Son goes to college — bittersweet, but time of pride
BY ALEJANDRO ESCALONA email@example.com August 22, 2012 8:30PM
Daniel Escalona in his new dorm room at the University of Illinois at Urbana-Champaign.
Updated: September 24, 2012 7:43AM
I am going to miss you so much, Daniel.
You don’t know it, but I began crying about a week ago just counting the days until we say goodbye, as you start your college life at the University of Illinois at Urbana-Champaign.
For many parents, this week is bittersweet as they drive their kids to start their college education. For parents of a kid with a serious disability, the experience is even more worrisome and hopeful.
The countdown to Urbana-Champaign began for us after you received your high school diploma. I was so proud to hear your name and then see you wheel yourself in front of hundreds of classmates and parents.
I know how hard you’ve worked to get here. You have dealt with courage and determination with Duchenne muscular dystrophy, a devastating illness that progressively has robbed you from your ability to run, walk, and move your arms.
Our hearts have been broken so many times seeing your debilitating body diminish to a point now where you can move your fingers only enough to type into an iPad or dial your cellphone. Still, you have written papers, essays and newspaper articles without once complaining about your condition.
I have had the privilege of taking care of you as your body has weakened. I have bathed you, dressed you, carried you to your chair and moved you at night so that you can sleep comfortably.
For the next four years, you will live in Nugent Hall, a dorm designed and fully staffed to take care of you and 23 other students with disabilities. We are fortunate that U. of I. has a state-of-the art facility and a support network that will help you succeed in a competitive college.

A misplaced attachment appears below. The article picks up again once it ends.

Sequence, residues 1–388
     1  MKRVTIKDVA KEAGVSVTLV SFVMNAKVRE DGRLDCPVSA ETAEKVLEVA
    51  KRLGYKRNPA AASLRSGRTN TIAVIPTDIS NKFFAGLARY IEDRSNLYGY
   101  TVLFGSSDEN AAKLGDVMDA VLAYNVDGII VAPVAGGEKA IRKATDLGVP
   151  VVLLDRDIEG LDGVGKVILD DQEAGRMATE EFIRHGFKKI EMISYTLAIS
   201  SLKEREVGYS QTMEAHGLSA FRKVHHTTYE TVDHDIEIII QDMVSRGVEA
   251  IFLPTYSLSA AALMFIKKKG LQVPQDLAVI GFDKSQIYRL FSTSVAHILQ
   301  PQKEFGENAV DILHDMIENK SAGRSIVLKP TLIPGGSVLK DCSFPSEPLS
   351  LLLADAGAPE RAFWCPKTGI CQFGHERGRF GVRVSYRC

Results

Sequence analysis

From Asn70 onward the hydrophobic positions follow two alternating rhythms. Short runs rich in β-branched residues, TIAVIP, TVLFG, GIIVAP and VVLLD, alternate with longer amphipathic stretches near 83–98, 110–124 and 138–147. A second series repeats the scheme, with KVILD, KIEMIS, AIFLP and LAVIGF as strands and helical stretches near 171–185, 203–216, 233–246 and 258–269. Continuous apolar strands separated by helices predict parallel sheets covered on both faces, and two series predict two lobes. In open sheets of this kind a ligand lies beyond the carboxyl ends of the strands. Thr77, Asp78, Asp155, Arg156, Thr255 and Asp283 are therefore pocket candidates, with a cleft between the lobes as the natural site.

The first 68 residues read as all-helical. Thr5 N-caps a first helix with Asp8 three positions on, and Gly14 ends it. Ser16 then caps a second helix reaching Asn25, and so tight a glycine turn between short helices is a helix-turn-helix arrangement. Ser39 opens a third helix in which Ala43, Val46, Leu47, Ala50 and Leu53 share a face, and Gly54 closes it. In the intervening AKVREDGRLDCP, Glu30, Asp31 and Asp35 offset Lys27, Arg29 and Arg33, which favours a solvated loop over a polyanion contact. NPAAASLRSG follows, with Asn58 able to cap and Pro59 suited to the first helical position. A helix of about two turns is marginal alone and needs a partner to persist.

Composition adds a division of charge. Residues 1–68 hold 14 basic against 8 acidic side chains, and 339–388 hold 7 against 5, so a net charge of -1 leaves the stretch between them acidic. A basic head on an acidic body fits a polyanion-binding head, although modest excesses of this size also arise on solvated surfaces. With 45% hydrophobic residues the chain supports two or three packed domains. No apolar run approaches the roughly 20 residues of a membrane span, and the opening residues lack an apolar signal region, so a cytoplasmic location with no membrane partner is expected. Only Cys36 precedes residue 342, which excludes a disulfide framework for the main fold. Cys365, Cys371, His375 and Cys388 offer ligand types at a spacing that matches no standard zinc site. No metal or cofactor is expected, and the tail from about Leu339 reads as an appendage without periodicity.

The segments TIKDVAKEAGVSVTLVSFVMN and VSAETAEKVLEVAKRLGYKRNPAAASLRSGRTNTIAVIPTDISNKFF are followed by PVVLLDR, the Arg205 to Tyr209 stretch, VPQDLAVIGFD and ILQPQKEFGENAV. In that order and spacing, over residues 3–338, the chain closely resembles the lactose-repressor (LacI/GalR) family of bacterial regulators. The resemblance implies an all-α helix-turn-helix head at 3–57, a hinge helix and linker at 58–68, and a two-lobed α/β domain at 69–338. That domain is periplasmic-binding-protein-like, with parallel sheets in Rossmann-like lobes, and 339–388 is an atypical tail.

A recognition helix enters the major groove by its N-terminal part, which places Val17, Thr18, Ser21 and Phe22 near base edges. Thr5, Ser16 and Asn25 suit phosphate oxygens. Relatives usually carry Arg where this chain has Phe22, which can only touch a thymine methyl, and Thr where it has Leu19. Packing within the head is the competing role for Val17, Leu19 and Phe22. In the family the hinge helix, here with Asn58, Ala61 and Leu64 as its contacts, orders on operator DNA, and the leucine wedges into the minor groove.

You want to live on campus to fully experience college life. Just last week, I saw how happy you were to get tickets to the Illini football games. As much as I would like to be in the stands with you, I understand you want to be there with your friends.
I will cherish the times we spent together watching sports and talking about politics. I will always remember when you came with me to visit several restaurants across Chicago that showed the Euro Cup games so that I could write a column about it.
We played video games, watched movies, read the newspapers and listened to the radio together. You have taught us to face life’s challenges with dignity and hope.
On Tuesday, we packed the van and headed to Urbana-Champaign with your mom and sister. You looked a bit nervous, but eager to start this new chapter in your life. We had a great time helping you to organize and decorate your room with posters of the Beatles and the Bulls.
One of the posters you chose particularly caught my attention. It reads: “Keep calm and carry on.” That is precisely what you have done. You have carried on in spite of incredible odds against you.
Then it was time to say goodbye. We kissed and hugged you before heading back to Chicago.
We don’t know what the future will bring. But as a relative put it, you haven’t come this far to fail, Daniel.